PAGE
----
Thursday, December 27, 2012

Musical key and mood

Key determines mood? Really?!

It is often argued that with the advent of equal temperament all differences between musical keys disappeared, i.e. C major doesn't sound fundamentally different from Eb major. Yet composers still attribute certain moods to certain musical keys. In part this is probably determined by tradition, and in part it may be influenced by the mechanics of playing an instrument: playing a piece in C major on a piano (using only white keys) is quite a different experience from playing that same piece in C# major (using many black and some white keys) because of the differences between physical location of black and white keys on a piano. Also, bowed instruments will often play an F# differently than a Gb, despite both being the same note on a piano.

So what are these traditional moods associated to certain keys?

This list is based on a list made up by Christian Schubart in his book Ideen Zu Einer Ästhetik Der Tonkunst...
Cmajorcompletely pure key; speaks of innocence, simplicity, naivety, child's talk
Dbmajorkey to bring out unusual feelings; can smile but not laugh; can grimace but not cry
Dmajorkey of triumph, hallelujah, war-cries and victory-rejoicing
Ebmajorkey of love, devotion, intimate conversation with God
Emajornoisy shouts of love, laughing pleasure and not-yet-complete full delight
Fmajorkey of complaisance and calmness
Gbmajorkey of triumph over difficulty, sigh of relief after difficulaties have been overcome
Gmajorkey that is rustic, idyllic and lyrical, calm and satisfied passion, any gentle and peaceful emotion of the heart
Abmajorkey of the grave, death, putrefaction, judgement, eternity
Amajordeclaration of innocent love, satisfaction with one's state of affairs, hope of seeing one's beloved one again when departing, youthful cheerness and trust in God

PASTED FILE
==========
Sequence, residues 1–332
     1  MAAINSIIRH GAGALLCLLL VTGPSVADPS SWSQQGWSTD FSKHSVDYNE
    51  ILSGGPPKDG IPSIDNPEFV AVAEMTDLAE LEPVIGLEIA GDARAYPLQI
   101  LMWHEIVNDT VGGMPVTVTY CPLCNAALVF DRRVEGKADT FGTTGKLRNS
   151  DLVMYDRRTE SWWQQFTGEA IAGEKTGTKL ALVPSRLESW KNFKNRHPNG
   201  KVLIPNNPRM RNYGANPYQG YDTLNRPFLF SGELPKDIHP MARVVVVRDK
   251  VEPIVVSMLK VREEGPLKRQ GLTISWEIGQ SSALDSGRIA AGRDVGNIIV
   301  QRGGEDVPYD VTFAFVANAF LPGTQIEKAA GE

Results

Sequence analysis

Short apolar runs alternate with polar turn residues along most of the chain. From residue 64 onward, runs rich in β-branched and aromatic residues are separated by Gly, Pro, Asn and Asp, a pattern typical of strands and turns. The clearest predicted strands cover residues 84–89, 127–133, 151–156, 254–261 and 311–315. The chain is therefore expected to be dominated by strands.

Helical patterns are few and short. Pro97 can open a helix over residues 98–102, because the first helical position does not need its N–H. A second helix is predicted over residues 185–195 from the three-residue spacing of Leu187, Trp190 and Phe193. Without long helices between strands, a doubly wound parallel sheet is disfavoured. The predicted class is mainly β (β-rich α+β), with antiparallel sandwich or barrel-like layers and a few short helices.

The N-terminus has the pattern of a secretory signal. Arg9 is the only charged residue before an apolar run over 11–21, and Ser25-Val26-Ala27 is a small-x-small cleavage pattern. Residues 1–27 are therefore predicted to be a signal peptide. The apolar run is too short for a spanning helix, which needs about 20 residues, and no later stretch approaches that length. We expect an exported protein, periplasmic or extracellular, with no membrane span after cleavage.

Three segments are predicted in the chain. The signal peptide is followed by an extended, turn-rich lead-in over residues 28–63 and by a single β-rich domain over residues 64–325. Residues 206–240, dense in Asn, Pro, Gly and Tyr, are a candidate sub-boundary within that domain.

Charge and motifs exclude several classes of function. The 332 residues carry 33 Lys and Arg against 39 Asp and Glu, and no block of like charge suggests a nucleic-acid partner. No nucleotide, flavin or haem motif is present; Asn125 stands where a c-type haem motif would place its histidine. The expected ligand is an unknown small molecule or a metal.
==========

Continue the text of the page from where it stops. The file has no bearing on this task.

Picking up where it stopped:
Bbmajorcheerful love, clear conscience, hope, aspiration for a better world
Bmajorstrongly colored, announcing wild passions, anger, rage, jealousy, fury, despair and every emotion of the heart
Cminordeclaration of love with lament of unhappy love, sighing of the lovesick soul
C#minorpenitential lamentation, intimate conversation with God, sighs of disappointed friendship and love
Dminormelancholy, womanliness
Ebminorfeelings of anxiety, the soul's deepest distress, brooding despair, blackest depression, most gloomy condition of the soul
Eminornaive declaration of love, lament without grumbling, sighs accompanied by a few tears, desires to resolve into the pure happiness of C major
Fminordeep depression, funeral lament, groans of misery and longing for the grave
F#minora gloomy key, resentment and discontent, it languishes for the calm of A major or happiness of D major
Gminordiscontent, uneasiness, worry about a failed scheme, bad-tempered gnashing of teeth, dislike
G#minorgrumbling, struggling with difficulty, heart squeezed until it suffocates
Aminorpious womanliness, tenderness of character
Bbminormocking God and the world, discontented with itself and everything, preparation of suicide
Bminorkey of patience, calm awaiting one's fate, submission to divine dispensation, mild lament without breaking out into offensive murmuring or whimpering,

Sunday, December 9, 2012

Rutger Kopland's poem XIV

Tribute to Rutger Kopland (1934-2012)

For quite a while I have admired the poem "XIV" by Rutger Kopland. A few days after I had finished making this song from his poem, I heard the news that he had died at the age of 77. I dedicate this song to him. One can sing the poem to the song, but I thought of your mental sanity and in the end made it a song with unsung words.

Ga nu maar liggen liefste in de tuin,
de lege plekken in het hoge gras, ik heb
altijd gewild dat ik dat was, een lege
plek voor iemand, om te blijven

And my very literal English translation which cannot be sung to the song
(translations of poetry should not be attempted by amateurs like me ;) )

Now go lie down, my love, into the garden,
the empty spots in the tall grass, I've
always wanted to be just that, an empty
spot for someone, to stay

Years ago, I commented on Fred Tak's blog that I read the poem as a kind of elegy, and not as a kind of love poem (the traditional interpretation). This interpretation now makes even more sense to me. May my song become an empty spot for him to stay.